US7750421Jul 23, 2007Jul 6, 2010Magic Technologies, Inc.High performance MTJ element for STT-RAM and method for making the same
US7859034Apr 16, 2009Dec 28, 2010Grandis Inc.Magnetic devices having oxide antiferromagnetic layer next to free ferromagnetic layer
US7894244 *Apr 25, 2007Feb 22, 2011Hitachi, Ltd.Tunnel magnetic resistance device, and magnetic memory cell and magnetic random access memory using the same
US7916433Jun 15, 2010Mar 29, 2011Grandis, Inc.Magnetic element utilizing free layer engineering
US7957179Jun 27, 2007Jun 7, 2011Grandis Inc.Magnetic shielding in magnetic multilayer structures
US7982275Aug 22, 2007Jul 19, 2011Grandis Inc.Magnetic element having low saturation magnetization
US8058698Jun 21, 2010Nov 15, 2011Magic Technologies, Inc.High performance MTJ element for STT-RAM and method for making the same
US8080432Jun 21, 2010Dec 20, 2011Magic Technologies, Inc.High performance MTJ element for STT-RAM and method for making the same
US8194365Sep 3, 2009Jun 5, 2012Western Digital (Fremont), LlcMethod and system for providing a read sensor having a low magnetostriction free layer
US8274818 *Aug 5, 2008Sep 25, 2012Tohoku UniversityMagnetoresistive element, magnetic memory cell and magnetic random access memory using the same
US8394649 *Jan 3, 2008Mar 12, 2013Canaon Anelva CorporationMethod of production of a magnetoresistance effect device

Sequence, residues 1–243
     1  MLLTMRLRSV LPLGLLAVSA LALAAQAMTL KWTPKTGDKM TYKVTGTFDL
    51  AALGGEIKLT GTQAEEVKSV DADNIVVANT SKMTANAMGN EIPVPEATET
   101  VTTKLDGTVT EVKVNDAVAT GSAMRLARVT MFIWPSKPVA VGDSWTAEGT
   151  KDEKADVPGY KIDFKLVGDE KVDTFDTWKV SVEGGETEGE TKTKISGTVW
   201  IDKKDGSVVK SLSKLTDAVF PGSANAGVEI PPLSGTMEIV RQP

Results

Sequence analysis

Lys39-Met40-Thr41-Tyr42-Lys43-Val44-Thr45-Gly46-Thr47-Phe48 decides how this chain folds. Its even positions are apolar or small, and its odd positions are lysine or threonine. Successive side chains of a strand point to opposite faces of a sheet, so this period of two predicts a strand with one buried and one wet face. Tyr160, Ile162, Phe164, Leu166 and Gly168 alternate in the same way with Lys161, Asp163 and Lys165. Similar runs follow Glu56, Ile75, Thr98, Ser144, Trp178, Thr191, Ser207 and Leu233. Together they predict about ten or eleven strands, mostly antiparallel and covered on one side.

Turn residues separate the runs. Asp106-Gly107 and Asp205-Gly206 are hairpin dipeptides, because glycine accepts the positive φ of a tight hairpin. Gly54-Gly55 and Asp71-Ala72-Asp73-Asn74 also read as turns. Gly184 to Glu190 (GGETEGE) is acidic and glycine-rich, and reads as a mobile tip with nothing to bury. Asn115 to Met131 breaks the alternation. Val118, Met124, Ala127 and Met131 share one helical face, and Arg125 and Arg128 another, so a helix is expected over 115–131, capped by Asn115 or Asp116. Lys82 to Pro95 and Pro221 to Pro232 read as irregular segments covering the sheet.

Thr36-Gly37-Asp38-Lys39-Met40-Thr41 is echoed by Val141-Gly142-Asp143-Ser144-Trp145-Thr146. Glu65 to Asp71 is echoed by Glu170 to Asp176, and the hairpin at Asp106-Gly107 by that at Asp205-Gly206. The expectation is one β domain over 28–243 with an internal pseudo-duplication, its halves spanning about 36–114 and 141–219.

US8436437Jun 21, 2010May 7, 2013Magic Technologies, Inc.High performance MTJ elements for STT-RAM and method for making the same
US8476723Jun 14, 2011Jul 2, 2013Grandis, Inc.Magnetic element having low saturation magnetization
US8498084Jul 21, 2009Jul 30, 2013Western Digital (Fremont), LlcMagnetoresistive sensors having an improved free layer
US8545999 *Feb 21, 2008Oct 1, 2013Western Digital (Fremont), LlcMethod and system for providing a magnetoresistive structure
US8547730Feb 24, 2010Oct 1, 2013Western Digital (Fremont), LlcMethod and system for providing a spin tunneling magnetic element having a crystalline barrier layer
US8559141May 7, 2007Oct 15, 2013Western Digital (Fremont), LlcSpin tunneling magnetic element promoting free layer crystal growth from a barrier layer interface
US20080124454 *Jan 3, 2008May 29, 2008Anelva Corporationforming a pair of ferromagnetic layer so that at least a part contacting the barrier layer positioning in bewteen ferromagnetic layers is amorphous and forming such barrier layer (MgO) having a highly-oriented fiber-texture structure by using sputtering
US20080180862 *Mar 28, 2008Jul 31, 2008Anelva CorporationMethod of production of a magnetoresistance effect device
EP2073285A2Jul 9, 2008Jun 24, 2009MagIC Technologies Inc.A high performance MTJ element for STT-RAM and method for making the same
Classifications
U.S. Classification438/4, 257/E43.004
International ClassificationH01L21/00
Cooperative ClassificationH01F10/3254, B82Y40/00, H01L43/08, B82Y25/00, H01F10/3272, H01F10/3281, H01F41/302, H01F10/3263
European ClassificationB82Y25/00, B82Y40/00, H01F10/32N6B, H01F41/30D, H01L43/08
Legal Events
DateCodeEventDescription
Feb 14, 2006ASAssignment
Owner name: GRANDIS, INC., CALIFORNIA
Free format text: ASSIGNMENT OF ASSIGNORS INTEREST;ASSIGNORS:PAKALA, MAHENDRA;VALET, THIERRY;HUAI, YIMING;AND OTHERS;REEL/FRAME:017260/0307;SIGNING DATES FROM 20060110 TO 20060210